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Isolation, Characterization and Molecular Epidemiology of Methicillin Resistant Staphylococcus aureus (MRSA) in sheep Milk in American and Brazilian herds

Research Scholar

Guilherme Santana de Moura, Veterinary Preventive Medicine (Brazil)
Bayleyegn Molla, Co-Researcher
Andréia Vielmo, Co-Researcher
Wondwossen A Gebreyes, Faculty Mentor

Biography

Guilherme Santana de Moura is a graduate student studying veterinary medicine at the Federal University of Paraíba, and is sponsored by the Science Without Borders program of the National Research Council. He has worked in preventive veterinary medicine and public health with emphasis on diagnosis of diseases with zoonotic potential. His mentor in his research at Ohio State is Wondwossen A Gebreyes.

What is the issue or problem addressed in your research?

Foodborne diseases, in particular those related to milk and milk products, have recently become a matter of great public concern. All domestic animals, also small ruminants, develop different diseases associated with Staphylococcus aureus; this bacterium is often isolated in cases of mastitis, cutaneous lesions, abscesses, etc. The most important reason to look into S. aureus in sheep milk is not only from the point of veterinary medicine but also the public health aspects.

What methodology did you use in your research?

This study aims to determine the occurrence and prevalence of Methicillin Resistant S. aureus (MRSA) in milk from sheep. Isolates recovered from sheep milk will be characterized phenotypically and genotypically to determine the antimicrobial resistance patterns, associated virulence genes and their genotypic relatedness Molecular assays such as PCR and the pulsed-field gel electrophoresis (PFGE) will be used in characterizing the isolates. Sheep milk samples will be collected from selected herds in Ohio using a cross-sectional sampling study design and processed at the Infectious diseases Molecular Epidemiology Laboratory (IDMEL). The analysis includes isolation and identification of S. aureus isolates and antimicrobial susceptibility testing. The isolates will be further characterized using molecular approaches such as  PCR to determine  nuc gene to confirm S. aureus. The confirmed S. aureus isolates will be further tested for methicillin resistance gene, mecA. We will test isolates for the presence of enterotoxin genes (seA-seI) to determine the food safety significance of MRSA in sheep milk. MRSA isolates found in U.S. sheep herds will be compared with isolates of Brazilian origin using PFGE genotyping.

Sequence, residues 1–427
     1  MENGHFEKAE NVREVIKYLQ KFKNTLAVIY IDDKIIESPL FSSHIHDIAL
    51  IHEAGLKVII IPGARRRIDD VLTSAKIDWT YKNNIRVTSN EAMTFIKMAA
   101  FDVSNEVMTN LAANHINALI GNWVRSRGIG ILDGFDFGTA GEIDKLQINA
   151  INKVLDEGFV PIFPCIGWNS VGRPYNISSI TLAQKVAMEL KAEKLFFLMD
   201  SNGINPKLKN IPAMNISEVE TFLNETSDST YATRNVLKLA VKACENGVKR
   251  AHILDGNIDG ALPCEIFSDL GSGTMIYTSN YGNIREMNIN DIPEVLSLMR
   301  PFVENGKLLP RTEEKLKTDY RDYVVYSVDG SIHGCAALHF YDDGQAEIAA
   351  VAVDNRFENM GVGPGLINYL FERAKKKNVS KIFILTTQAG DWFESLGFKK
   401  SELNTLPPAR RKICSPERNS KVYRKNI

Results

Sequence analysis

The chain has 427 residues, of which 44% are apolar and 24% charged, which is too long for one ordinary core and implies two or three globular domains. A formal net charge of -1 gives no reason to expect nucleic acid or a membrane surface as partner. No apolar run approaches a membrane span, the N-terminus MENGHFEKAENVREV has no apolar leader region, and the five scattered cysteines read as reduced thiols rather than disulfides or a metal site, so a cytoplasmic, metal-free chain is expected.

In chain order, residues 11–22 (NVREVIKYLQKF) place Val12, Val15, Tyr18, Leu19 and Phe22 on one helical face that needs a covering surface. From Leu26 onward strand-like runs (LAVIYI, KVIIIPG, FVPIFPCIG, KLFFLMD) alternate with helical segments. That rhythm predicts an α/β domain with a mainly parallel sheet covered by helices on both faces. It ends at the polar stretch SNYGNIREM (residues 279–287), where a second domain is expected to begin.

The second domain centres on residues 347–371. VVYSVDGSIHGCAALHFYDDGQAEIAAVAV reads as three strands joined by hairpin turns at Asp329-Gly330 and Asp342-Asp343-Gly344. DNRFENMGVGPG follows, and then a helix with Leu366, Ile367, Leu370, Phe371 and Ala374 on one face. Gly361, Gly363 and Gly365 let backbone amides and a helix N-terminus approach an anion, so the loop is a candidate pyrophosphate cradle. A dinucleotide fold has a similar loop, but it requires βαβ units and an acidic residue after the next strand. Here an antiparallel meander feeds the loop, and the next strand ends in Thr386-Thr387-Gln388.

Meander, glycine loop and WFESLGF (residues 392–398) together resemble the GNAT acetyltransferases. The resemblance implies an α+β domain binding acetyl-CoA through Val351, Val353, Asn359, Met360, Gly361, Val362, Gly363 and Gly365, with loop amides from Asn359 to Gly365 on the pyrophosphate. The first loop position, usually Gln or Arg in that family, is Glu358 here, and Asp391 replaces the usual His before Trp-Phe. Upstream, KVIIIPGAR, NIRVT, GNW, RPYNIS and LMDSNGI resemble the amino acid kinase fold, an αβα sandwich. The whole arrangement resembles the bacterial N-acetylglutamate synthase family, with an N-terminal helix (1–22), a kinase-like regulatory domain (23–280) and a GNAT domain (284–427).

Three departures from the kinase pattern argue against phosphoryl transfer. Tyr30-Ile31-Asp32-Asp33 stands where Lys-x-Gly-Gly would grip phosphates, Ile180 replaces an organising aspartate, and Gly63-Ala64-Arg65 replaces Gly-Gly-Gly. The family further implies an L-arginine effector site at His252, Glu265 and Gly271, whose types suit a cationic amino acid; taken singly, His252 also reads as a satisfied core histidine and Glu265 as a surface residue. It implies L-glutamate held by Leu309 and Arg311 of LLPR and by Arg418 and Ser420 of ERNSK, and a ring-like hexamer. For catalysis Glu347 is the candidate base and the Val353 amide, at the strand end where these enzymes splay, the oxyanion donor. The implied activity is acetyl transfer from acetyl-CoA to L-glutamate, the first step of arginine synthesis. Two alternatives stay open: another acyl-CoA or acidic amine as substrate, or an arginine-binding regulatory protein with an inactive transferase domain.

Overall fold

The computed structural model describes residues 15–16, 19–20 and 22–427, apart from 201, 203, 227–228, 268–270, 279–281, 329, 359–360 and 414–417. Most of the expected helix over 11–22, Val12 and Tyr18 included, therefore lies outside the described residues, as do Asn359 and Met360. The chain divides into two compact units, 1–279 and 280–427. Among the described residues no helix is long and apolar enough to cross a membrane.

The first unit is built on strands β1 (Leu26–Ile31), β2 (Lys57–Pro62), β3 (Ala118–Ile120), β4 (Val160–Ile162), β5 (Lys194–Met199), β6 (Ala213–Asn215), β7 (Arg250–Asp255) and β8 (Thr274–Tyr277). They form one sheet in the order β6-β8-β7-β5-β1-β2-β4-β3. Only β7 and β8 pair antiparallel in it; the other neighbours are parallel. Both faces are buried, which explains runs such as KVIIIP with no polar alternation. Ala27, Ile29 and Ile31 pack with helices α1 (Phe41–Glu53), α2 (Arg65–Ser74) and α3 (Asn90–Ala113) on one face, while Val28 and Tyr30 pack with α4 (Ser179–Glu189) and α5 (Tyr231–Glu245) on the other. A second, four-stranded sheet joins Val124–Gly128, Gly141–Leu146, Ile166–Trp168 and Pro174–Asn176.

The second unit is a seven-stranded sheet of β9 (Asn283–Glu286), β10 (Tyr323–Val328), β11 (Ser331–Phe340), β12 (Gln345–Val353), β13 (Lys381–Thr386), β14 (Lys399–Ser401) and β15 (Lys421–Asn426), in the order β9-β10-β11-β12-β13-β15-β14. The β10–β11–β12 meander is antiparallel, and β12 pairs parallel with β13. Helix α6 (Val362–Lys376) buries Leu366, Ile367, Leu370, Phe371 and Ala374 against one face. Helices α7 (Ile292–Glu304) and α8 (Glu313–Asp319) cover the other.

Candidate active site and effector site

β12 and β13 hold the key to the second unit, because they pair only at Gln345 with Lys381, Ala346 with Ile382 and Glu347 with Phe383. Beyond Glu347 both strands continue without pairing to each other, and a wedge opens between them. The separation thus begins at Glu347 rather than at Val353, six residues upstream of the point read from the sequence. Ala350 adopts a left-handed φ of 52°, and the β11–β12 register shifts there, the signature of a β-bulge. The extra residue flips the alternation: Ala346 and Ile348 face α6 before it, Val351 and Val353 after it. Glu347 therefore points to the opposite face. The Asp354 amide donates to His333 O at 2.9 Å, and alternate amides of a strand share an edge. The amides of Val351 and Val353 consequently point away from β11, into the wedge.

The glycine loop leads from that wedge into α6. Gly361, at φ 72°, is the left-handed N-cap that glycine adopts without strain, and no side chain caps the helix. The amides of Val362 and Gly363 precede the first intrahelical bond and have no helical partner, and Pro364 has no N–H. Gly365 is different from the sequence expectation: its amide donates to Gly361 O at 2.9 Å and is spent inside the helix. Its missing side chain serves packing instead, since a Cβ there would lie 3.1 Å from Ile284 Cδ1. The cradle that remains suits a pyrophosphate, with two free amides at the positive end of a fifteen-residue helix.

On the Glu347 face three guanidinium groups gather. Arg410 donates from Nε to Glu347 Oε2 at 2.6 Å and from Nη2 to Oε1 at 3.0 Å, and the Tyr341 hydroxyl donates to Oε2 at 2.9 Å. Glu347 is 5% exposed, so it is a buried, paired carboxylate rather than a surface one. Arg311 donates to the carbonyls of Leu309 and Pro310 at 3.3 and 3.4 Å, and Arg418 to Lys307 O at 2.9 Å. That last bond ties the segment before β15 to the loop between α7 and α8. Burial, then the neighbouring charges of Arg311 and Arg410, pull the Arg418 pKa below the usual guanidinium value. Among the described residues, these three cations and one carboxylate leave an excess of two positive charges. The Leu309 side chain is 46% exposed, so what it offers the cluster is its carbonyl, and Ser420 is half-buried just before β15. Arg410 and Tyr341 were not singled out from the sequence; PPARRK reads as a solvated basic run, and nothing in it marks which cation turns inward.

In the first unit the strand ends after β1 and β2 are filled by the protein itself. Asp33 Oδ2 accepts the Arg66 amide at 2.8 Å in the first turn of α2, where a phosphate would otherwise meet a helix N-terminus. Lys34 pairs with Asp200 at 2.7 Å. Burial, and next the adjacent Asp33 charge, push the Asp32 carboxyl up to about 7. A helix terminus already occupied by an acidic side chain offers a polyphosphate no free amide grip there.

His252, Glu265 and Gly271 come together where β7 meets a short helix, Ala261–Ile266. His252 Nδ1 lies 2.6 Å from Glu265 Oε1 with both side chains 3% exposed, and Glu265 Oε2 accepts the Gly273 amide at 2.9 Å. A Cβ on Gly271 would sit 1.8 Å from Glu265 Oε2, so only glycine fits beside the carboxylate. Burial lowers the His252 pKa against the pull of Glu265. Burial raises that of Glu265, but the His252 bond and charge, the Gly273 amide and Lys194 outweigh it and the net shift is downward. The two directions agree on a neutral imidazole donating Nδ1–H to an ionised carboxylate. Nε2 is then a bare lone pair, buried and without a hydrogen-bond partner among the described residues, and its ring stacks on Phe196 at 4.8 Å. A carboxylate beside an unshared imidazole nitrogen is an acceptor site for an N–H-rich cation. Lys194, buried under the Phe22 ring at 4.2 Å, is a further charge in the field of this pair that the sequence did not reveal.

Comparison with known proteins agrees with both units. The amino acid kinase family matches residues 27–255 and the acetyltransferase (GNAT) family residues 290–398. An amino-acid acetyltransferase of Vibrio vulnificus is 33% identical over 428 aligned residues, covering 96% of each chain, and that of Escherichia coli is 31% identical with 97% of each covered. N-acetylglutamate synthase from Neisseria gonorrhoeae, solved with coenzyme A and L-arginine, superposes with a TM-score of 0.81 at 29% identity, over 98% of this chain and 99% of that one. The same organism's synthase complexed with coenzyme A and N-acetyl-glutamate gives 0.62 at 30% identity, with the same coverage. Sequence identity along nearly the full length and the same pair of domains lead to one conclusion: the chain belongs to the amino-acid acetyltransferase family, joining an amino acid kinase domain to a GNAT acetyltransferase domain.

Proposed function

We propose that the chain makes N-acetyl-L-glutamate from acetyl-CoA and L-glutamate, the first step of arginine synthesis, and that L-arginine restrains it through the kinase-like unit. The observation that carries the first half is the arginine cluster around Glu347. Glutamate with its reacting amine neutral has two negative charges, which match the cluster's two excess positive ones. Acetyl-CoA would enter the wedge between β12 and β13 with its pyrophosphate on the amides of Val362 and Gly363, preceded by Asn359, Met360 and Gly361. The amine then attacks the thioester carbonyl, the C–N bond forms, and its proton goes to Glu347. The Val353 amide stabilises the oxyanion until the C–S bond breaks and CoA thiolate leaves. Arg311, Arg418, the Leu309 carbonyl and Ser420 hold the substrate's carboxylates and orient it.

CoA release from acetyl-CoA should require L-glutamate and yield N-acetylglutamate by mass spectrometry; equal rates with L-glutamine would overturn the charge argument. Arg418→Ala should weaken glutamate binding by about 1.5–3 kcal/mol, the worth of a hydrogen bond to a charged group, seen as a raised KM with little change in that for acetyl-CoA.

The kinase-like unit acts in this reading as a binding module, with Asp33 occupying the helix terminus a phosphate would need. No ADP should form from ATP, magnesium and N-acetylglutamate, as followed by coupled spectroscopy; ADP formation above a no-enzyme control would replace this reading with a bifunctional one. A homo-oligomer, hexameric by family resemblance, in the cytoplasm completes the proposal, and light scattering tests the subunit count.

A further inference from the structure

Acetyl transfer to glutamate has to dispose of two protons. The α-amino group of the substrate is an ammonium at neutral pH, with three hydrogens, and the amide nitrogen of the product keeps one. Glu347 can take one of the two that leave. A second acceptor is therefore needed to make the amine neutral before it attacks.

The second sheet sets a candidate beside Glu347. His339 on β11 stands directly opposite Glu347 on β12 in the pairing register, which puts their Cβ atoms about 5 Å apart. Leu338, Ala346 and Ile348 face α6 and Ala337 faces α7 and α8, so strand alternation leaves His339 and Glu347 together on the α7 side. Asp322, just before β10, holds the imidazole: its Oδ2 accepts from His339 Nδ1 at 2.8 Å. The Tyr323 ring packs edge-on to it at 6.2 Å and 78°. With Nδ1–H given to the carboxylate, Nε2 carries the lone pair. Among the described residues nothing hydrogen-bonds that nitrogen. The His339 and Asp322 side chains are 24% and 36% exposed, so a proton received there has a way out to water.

What are the purpose/rationale and implications of your research?

This study will provide the occurrence, prevalence and characteristics of MRSA in Ohio sheep herds in comparison with those from Brazil. S. aureus is one of the major causes intramammary infections in livestock and is also a significant human pathogen and a of great public health concerns.